Well, not everything turned out as I expected, but I’ll fall back on the fact that I called the winner in every raced involving someone who will actually serve in Congress next year. (How’s that for spin?)
Turnout was a little higher than I expected. When all the votes are counted it looks like it might be about 11%. Specifically, GOP turnout was about 40,000 voters greater than in a typical primary, driven by the novelty of an already-decided Presidential nomination. But it was Democratic turnout in just two Congressional Districts that put the statewide turnout figure over the 10% mark. Approximately 110,000 Democrats voted in those two districts alone. That’s about 60-70,000 more than we would expect in a typical primary!
On the headline event of the night, I was right on the winner, Bill Pascrell, but no one – including the victor’s camp – ever dreamed of the numbers he would put up in Passaic County. Steve Rothman’s negative campaign led to the expected low turnout in Bergen, but not in Passaic, where Pascrell’s ground game – aided by Bill Clinton’s endorsement – contributed to the stunner of the night.
In the 10th district, the race wasn’t as close as I thought it would be – not anywhere close to where I thought it would be. Ron Rice, Jr. intended to challenge the incumbent Congressman, Donald Payne, Sr. before he died, and so had been preparing for a battle. The Essex County machine had a point to prove against this rabble rouser and turned out monster numbers in the Oranges and elsewhere. Moreover, they were able to produce the same margins in Union County. Rice may be a tenacious campaigner in Newark, but he go his hat handed to him, barely edging out Nia Gill for a dismal second place finish, 40 percentage points behind the winner, Donald Payne, Jr.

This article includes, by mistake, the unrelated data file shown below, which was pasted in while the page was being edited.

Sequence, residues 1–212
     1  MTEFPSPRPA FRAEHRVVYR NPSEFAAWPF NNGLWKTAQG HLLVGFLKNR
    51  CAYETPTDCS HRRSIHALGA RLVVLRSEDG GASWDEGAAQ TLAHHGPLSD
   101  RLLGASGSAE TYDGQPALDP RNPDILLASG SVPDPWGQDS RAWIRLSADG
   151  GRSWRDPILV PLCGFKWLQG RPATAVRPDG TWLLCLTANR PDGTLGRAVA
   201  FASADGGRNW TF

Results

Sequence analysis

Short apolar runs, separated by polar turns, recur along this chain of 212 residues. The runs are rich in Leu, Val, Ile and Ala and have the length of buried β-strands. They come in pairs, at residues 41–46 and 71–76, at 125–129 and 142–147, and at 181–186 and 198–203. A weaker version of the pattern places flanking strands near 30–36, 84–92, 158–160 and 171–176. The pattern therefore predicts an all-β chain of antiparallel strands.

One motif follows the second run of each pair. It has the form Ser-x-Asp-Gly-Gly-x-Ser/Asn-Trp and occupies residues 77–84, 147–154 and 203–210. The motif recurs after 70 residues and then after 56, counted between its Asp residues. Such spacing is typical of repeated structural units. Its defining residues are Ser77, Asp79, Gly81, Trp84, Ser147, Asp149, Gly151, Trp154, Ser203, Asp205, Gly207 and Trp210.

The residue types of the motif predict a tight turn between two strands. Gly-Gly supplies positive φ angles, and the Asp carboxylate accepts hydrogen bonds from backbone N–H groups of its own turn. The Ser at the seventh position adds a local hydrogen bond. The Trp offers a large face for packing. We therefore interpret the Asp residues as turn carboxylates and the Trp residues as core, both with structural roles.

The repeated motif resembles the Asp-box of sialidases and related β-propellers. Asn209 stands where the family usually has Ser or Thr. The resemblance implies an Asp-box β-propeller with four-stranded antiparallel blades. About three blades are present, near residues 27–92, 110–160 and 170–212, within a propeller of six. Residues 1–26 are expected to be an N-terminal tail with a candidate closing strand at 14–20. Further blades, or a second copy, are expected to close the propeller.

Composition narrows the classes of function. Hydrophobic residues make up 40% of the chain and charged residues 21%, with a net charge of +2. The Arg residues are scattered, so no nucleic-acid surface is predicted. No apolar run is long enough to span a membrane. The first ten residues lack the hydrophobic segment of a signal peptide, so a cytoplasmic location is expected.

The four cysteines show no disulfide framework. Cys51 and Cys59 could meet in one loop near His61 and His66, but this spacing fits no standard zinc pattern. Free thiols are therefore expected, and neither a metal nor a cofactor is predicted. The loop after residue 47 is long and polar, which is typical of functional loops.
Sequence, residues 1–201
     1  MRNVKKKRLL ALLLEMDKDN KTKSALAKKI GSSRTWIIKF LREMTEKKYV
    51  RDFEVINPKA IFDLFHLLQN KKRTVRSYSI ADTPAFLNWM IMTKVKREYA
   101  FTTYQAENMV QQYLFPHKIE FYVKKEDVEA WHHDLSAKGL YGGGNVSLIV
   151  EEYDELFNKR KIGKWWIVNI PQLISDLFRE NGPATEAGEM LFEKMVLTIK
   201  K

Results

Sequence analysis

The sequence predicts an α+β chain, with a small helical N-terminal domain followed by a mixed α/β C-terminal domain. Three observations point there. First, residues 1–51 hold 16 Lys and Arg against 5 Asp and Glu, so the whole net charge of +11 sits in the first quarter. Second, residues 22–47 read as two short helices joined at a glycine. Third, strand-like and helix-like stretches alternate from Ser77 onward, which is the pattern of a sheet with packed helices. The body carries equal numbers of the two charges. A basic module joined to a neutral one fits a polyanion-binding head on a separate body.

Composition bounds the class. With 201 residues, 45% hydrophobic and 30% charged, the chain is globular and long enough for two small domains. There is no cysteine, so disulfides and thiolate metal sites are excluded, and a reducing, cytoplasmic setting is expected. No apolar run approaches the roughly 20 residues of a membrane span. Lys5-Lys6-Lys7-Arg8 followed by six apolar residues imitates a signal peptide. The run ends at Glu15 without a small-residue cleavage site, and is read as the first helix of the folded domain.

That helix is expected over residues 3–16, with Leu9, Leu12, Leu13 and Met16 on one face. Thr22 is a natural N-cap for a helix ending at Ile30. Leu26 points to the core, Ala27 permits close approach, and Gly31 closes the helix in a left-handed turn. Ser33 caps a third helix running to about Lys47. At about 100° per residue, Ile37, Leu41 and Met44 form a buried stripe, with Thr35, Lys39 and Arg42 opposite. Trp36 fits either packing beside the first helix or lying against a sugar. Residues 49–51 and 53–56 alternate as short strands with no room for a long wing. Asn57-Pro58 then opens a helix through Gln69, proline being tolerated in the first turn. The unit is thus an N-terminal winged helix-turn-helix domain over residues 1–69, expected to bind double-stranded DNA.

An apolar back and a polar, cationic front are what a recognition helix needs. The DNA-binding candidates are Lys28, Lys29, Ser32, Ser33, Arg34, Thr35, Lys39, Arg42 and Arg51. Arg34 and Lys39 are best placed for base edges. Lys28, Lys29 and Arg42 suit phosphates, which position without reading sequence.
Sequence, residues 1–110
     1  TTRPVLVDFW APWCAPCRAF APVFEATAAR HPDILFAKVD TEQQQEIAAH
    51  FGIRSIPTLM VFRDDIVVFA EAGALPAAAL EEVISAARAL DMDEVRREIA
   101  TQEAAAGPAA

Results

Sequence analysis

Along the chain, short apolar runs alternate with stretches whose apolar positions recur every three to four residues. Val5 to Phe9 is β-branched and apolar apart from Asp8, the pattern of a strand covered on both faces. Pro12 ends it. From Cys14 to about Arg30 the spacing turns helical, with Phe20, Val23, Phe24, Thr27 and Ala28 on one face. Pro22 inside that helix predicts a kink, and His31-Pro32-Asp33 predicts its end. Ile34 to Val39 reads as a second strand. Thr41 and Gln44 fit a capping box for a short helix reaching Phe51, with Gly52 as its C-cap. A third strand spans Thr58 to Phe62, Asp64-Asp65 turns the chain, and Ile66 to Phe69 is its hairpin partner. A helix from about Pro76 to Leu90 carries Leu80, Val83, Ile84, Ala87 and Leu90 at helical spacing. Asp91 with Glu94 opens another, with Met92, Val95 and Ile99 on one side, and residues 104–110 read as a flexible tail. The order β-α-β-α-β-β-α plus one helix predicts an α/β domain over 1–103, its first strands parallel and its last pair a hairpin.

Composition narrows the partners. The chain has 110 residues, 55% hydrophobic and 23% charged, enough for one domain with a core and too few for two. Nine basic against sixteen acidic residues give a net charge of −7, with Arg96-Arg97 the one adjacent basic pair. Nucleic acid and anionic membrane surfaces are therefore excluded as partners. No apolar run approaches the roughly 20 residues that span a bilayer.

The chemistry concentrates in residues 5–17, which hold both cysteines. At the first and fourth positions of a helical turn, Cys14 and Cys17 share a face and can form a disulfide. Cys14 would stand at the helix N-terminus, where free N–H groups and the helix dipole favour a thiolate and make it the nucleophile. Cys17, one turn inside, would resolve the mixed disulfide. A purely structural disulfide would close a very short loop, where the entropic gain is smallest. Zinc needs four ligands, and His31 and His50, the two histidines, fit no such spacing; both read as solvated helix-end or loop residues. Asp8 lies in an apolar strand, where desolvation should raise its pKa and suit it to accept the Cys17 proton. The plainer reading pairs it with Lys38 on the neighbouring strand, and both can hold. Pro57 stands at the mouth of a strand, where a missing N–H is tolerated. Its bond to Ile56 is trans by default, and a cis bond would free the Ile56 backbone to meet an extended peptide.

I also, thought that the Monmouth County GOP organizational pick in CD6 would take the nomination over 2010 upstart, Anna Little. While Little had the Middlesex line, there seemed to be less overall enthusiasm for her grass-roots candidacy this time around. Moreover, I thought – foolish me – that the Monmouth GOP would make sure it did not suffer a repeat of their candidate’s loss two years ago.
I guess I gave them too much credit. In 2010, only 14,000 Republicans showed up to vote in the CD6 primary. In the newly expanded district, that number actually dropped to less than 11,000. Monmouth party pick, Ernesto Cullari claimed only 2,400 votes in the Monmouth portion of the district! District-wide, he got his clock cleaned, losing the nomination by 40 points. The Monmouth County GOP has a history of anemic GOTV operations and I know there was little real enthusiasm for Cullari.
But really?! Only 2,400 votes? In some cultures, the Monmouth GOP would be compelled to light itself on fire in the village square from the shame of it all.
Alright, that’s enough ragging. So what’s the big takeaway for New Jersey from yesterday’s primary?
The few competitive races hinged on settling personal scores more than articulating differing visions of government or the future of the party.
With that behind us, it’s on to November. And to save us all some time, I’ll just make most of my picks right now, thanks to the New Jersey redistricting commission:
President: Obama wins the state’s 14 electoral votes
US Senate: Too early to call
CD3: Too early too call
LD16: Too early to call